Welsh National Opera, Cardiff (and touring)
Dates of run: Feb 10-April 29
Running time: 2 hours 39 minutes, including interval
Director: Sarah Crisp
Cast includes: Jonathan Burton, Simon Crosby Buttle, Rebecca Afonwy-Jones, David Kempster, KarahSon, Meriel Andrew, Monika Sawa, George Newton-Fitzgerald, Martin Lloyd, Jack O’Kelly, Richard Wiegold, Alastair Moore, Sian Meinir, Carolyn Jackson
After the 1904 premiere of Madame Butterfly, a tough Milanese audience accused Puccini of sentimentality and dismissed his heart-breaking story of a U.S.-Japanese culture clash as a mere operetta.
Puccini complained that, like his poor heroine, he had drunk from “the bitter cup” and proceeded to extensively revise a work he said was sincerely felt.
The Welsh National Opera version established in the 70s by director Joachim Herz, on the basis of meticulous research, and now directed by Sarah Crisp, delivers pure emotion with devastating directness.
The critique of imperialism, underlined by Reinhart Zimmermann’s beautiful sepia design, takes on an added piquancy when we have a U.S. president who seems to be as cavalier with the truth and unfeeling towards non-American cultures as the villain of the piece: Lieutenant Benjamin Franklin Pinkerton, who happens to be named after a founding father of the United States and its ethical code.
His crime is to embrace what seems to him the convenient flexibility of a Japanese marriage contract. He interprets it to mean a bond supposedly for ever can be broken in a month.
The tragedy and the irony is that his Butterfly embraces what she sees as the American view that a marriage is an earnest undertaking only ended through formal negotiations in a court – or through death.
The emotional omens are terrible from the start. David Kempster, as a comparatively honourable U.S. Consul, tries to warn Pinkerton from breaking a butterfly. Pinkerton (Jonathan Burton) just stands casually by, smoking a cigar, while his Butterfly (Karah Son) in her first appearance is already singing her heart out just for him.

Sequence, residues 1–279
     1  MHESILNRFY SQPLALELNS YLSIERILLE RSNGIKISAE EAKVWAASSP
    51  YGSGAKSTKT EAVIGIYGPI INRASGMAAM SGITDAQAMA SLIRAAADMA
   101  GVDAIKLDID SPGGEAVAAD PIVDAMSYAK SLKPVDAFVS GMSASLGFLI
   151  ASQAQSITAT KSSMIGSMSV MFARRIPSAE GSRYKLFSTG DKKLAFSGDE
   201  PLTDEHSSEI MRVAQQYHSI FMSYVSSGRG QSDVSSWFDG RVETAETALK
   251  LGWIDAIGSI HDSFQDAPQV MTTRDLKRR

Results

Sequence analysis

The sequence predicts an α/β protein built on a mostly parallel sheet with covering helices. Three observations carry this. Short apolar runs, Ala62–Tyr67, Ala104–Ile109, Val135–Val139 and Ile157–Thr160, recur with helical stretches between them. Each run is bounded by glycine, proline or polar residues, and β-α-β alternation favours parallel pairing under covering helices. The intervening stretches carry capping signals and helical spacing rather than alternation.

Her role is outstandingly dominant and Son is outstanding as a singer and actor. We feel every heartbeat of her protracted agony as she waits through the years and then through one last night, silhouetted against the paper screens of her Japanese house, filled with cherry blossom.
Anyone who, like the early audiences, feels the need to quarrel with such a powerfully moving production could argue the moral asymmetry between Butterfly and Pinkerton is too extreme.
But even they might be placated by the moments of humour as the U.S. national anthem creeps into the score and Butterfly, when welcoming the Consul to her “American household” asks him with touching, Japanese concern: “Are all your ancestors well?”
The ovations are all for her. Burton, despite his rich singing, gets a friendly boo from an audience that cannot applaud his morals.
His finest moment is as he flings the paper screens aside, passionately making his way to the bridal chamber on his wedding night after a transcendent love duet. Unfortunately, the emotion is nothing more enduring than passing desire.
Apart from the raptures for Son, we also hail Butterfly’s loyal servant Suzuki, sung with fire by Rebecca Afonwy-Jones and David Kempster as the urbane, well-intentioned Consul.
Barbara Lewis © 2017.